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MARKER DATABASE
“Bite-Size Bits of Local, National, and Global History”
“Bite-Size Bits of Local, National, and Global History”
Mead in Warren County, Pennsylvania — The American Northeast (Mid-Atlantic)
 

The Allegheny River Watershed

Big Bend Recreation Area

 

—Riverside Watchable Wildlife Trail —

 
The Allegheny River Watershed Marker image. Click for full size.
By Anton Schwarzmueller, September 25, 2014
1. The Allegheny River Watershed Marker
Inscription. The Allegheny River rises from a spring in Potter County in north central Pennsylvania, 130 miles upstream of the Kinzua Dam, flowing northwest into New York then southwest into Pennsylvania again. The Iroquois and Shawnee Indians who lived along the river referred to it as the "O Hi Yo." The Iroquois who inhabited western Pennsylvania considered the Allegheny to be the upper part of the Ohio River. Iroquois Ohio means "beautiful river." When the Delaware, an Algonquin people, moved to western Pennsylvania in the 18th century and displaced the Iroquois, they translated Iroquoian Ohio into Delaware, yielding welhik-heny, "most beautiful stream." The name Welhik-heny was then anglicized as Allegheny.

Kinzua Dam and Allegheny Reservoir
Construction of Kinzua Dam, the only flood control project on the river, was completed by the U.S. Army Corps of Engineers in 1965. It created a 24-mile long reservoir. The dam lies eight miles upstream of Warren, PA and 195 miles upstream of Pittsburgh, PA.

The Allegheny's zigzag course south
Designated a Wild and Scenic River downstream of the dam, the Allegheny River flows in a broad zigzag course southward across Western Pennsylvania, flowing past Warren, Tidioute, Tionesta, Oil City, and Franklin. The river was important for coal and lumber transportation before railroads. The
The Allegheny River Watershed Marker image. Click for full size.
By Anton Schwarzmueller, September 25, 2014
2. The Allegheny River Watershed Marker
Eastward. PA 59 at far left at the guard rail.
river now is important for recreation for many people and continues to provide valuable wildlife habitat.

Where does it end?
From the small spring in Potter County to Point State Park in Pittsburgh, the river flows 325 miles. In Pittsburgh it joins with the Monongahela River to form the Ohio River. Water from the Allegheny eventually flows down the Ohio River and the Mississippi River to the Gulf of Mexico.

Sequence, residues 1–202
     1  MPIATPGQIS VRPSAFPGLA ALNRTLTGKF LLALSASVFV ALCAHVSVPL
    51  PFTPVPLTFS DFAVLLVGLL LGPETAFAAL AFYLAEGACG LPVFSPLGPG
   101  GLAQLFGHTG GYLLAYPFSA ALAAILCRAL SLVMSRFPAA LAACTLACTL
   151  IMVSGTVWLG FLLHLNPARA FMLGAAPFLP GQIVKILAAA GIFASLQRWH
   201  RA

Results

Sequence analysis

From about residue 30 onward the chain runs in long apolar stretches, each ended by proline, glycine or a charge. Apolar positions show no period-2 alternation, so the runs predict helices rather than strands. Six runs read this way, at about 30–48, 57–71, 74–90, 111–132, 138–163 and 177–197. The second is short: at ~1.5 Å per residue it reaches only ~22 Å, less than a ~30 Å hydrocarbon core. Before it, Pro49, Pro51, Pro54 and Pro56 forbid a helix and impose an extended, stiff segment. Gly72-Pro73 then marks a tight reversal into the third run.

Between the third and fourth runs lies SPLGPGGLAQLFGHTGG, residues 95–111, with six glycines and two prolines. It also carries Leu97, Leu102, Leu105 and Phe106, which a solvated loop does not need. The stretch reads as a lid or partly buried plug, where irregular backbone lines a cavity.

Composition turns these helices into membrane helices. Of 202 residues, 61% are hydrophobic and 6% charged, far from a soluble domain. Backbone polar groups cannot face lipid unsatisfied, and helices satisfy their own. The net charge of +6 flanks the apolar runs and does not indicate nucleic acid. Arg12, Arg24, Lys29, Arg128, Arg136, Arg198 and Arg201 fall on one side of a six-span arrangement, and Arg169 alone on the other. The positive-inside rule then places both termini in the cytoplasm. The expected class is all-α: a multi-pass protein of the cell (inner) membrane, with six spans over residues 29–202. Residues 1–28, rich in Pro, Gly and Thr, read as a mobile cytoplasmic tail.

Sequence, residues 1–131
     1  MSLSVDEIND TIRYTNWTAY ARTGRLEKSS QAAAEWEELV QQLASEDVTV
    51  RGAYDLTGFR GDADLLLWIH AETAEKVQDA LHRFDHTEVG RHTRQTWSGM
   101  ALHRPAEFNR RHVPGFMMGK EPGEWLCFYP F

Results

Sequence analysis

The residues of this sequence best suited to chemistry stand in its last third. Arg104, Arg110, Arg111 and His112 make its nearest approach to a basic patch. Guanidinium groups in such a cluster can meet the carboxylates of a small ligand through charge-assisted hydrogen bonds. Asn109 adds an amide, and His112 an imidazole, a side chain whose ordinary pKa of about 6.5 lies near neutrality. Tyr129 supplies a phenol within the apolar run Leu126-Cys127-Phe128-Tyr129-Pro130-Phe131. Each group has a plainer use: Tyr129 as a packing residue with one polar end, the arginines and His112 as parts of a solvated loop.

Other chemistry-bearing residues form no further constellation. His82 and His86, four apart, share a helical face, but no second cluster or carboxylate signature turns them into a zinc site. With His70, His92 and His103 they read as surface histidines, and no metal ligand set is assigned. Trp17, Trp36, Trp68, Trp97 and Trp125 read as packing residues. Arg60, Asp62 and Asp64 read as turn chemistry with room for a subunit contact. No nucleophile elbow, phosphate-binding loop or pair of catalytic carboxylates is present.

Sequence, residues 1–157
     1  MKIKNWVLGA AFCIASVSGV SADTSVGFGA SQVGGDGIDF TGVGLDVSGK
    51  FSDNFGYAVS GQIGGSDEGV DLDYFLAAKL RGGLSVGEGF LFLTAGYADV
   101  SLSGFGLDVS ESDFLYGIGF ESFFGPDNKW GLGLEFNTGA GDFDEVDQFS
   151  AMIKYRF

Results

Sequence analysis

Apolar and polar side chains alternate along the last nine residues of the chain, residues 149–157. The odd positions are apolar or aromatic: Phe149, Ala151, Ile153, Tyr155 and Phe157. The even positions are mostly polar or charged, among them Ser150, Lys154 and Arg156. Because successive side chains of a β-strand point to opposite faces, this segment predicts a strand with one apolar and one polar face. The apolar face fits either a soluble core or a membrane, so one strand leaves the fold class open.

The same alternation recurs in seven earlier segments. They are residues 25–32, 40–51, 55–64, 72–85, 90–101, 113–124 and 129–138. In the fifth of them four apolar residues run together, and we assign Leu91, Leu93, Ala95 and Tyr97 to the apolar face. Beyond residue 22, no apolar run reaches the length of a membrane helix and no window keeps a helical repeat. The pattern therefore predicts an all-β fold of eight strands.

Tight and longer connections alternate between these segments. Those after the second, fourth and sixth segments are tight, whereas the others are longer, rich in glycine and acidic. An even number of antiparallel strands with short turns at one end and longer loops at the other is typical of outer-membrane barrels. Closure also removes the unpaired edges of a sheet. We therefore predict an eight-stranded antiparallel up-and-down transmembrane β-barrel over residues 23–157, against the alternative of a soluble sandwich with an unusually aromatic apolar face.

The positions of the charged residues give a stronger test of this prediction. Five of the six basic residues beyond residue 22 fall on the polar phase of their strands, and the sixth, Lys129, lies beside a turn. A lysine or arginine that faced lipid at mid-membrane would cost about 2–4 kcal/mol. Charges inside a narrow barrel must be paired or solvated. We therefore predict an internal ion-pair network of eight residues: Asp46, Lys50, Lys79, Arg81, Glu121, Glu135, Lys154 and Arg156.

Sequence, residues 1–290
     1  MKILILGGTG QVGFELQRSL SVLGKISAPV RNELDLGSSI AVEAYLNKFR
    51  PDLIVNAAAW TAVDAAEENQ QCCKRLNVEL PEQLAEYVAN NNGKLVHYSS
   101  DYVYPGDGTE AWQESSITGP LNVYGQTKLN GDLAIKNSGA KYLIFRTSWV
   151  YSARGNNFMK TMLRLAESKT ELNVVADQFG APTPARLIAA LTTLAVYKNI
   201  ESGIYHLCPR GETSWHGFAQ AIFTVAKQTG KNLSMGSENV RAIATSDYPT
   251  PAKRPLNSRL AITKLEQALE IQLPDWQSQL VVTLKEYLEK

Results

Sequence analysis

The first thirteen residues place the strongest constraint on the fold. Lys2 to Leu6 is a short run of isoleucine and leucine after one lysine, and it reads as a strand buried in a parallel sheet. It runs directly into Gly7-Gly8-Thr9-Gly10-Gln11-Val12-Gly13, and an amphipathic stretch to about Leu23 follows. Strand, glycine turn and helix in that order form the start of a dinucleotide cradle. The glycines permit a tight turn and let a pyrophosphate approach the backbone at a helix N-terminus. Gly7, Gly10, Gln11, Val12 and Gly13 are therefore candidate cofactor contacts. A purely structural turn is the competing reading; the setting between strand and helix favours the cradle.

What is a watershed?
Simply stated, it is an area of land which water flows across or under on its way to a stream, river, or lake. Think of a watershed as a funnel. We all live in a watershed. You and everyone in your community ar a part of that watershed community. Watersheds are natural systems that link the land and water resources and the living organisms, including people, within its boundaries. How we live on the land affects the quality and quantity of the resources within the watershed. So whatever factors impact the water quality here at Big Bend, these factors also influence the water quality in the Ohio River watershed and the Mississippi River watershed.

Water
Water Resources Education Network
This panel has been partially funded by the League of Women Voters of Pennsylvania Citizen Education Fund under a grant from the Pennsylvania Department of Environmental Protection.
 
Erected by
The Allegheny River Watershed Marker image. Click for full size.
By Anton Schwarzmueller, September 25, 2014
3. The Allegheny River Watershed Marker
Eastward towards parking and visitor center. Note the overgrowth at left blocking the view of the Allegheny River.
Water Resouces Education Network.
 
Location. 41° 50.52′ N, 79° 0.956′ W. Marker is in Mead, Pennsylvania, in Warren County. Marker can be reached from Kinzua Road (Pennsylvania Route 59) 2 miles east of Grand Army of the Republic Highway (U.S. 6). Touch for map. Marker is on a walking path downstream of the easternmost parking lot entrance for the Kinzua Dam Visitor Center. Marker is at or near this postal address: 1205 Kinzua Road, Warren PA 16365, United States of America.
 
Other nearby markers. At least 8 other markers are within 7 miles of this marker, measured as the crow flies. Kinzua Dam (approx. 0.6 miles away); Seneca Crossing (approx. 3.9 miles away); Conewango (approx. 6.4 miles away); Warren County (approx. 6.8 miles away); Struthers-Wetmore-Schimmelfeng House (approx. 6.8 miles away); Struthers Library Building (approx. 6.8 miles away); Warren Suspension Bridge (approx. 6.9 miles away); Celoron's Expedition (approx. 6.9 miles away).
 
More about this marker. This marker has an almost identical twin alongside the parking lot nearer to the visitors center.
 
Also see . . .
1. Water Resources Education Network. (Submitted on October 10, 2014, by Anton Schwarzmueller of Wilson, New York.)
2. Kinzua Dam and Allegheny Reservoir - US Army Corp of Engineers
Twin Allegheny River Watershed Marker image. Click for full size.
By Anton Schwarzmueller, September 25, 2014
4. Twin Allegheny River Watershed Marker
This nearly identical twin maker is one of three panels under a hexogenal roof alongside the parking area near the visitor center.
. (Submitted on October 10, 2014, by Anton Schwarzmueller of Wilson, New York.)
 
Categories. EnvironmentNative AmericansWaterways & Vessels
 
Twin Allegheny River Watershed Marker - Westward image. Click for full size.
By Anton Schwarzmueller, September 25, 2014
5. Twin Allegheny River Watershed Marker - Westward
Loctation: 41.841650N , 79.013255W
 
 
Credits. This page was last revised on June 16, 2016. This page originally submitted on October 10, 2014, by Anton Schwarzmueller of Wilson, New York. This page has been viewed 264 times since then and 31 times this year. Photos:   1, 2, 3, 4, 5. submitted on October 10, 2014, by Anton Schwarzmueller of Wilson, New York. • Bill Pfingsten was the editor who published this page.
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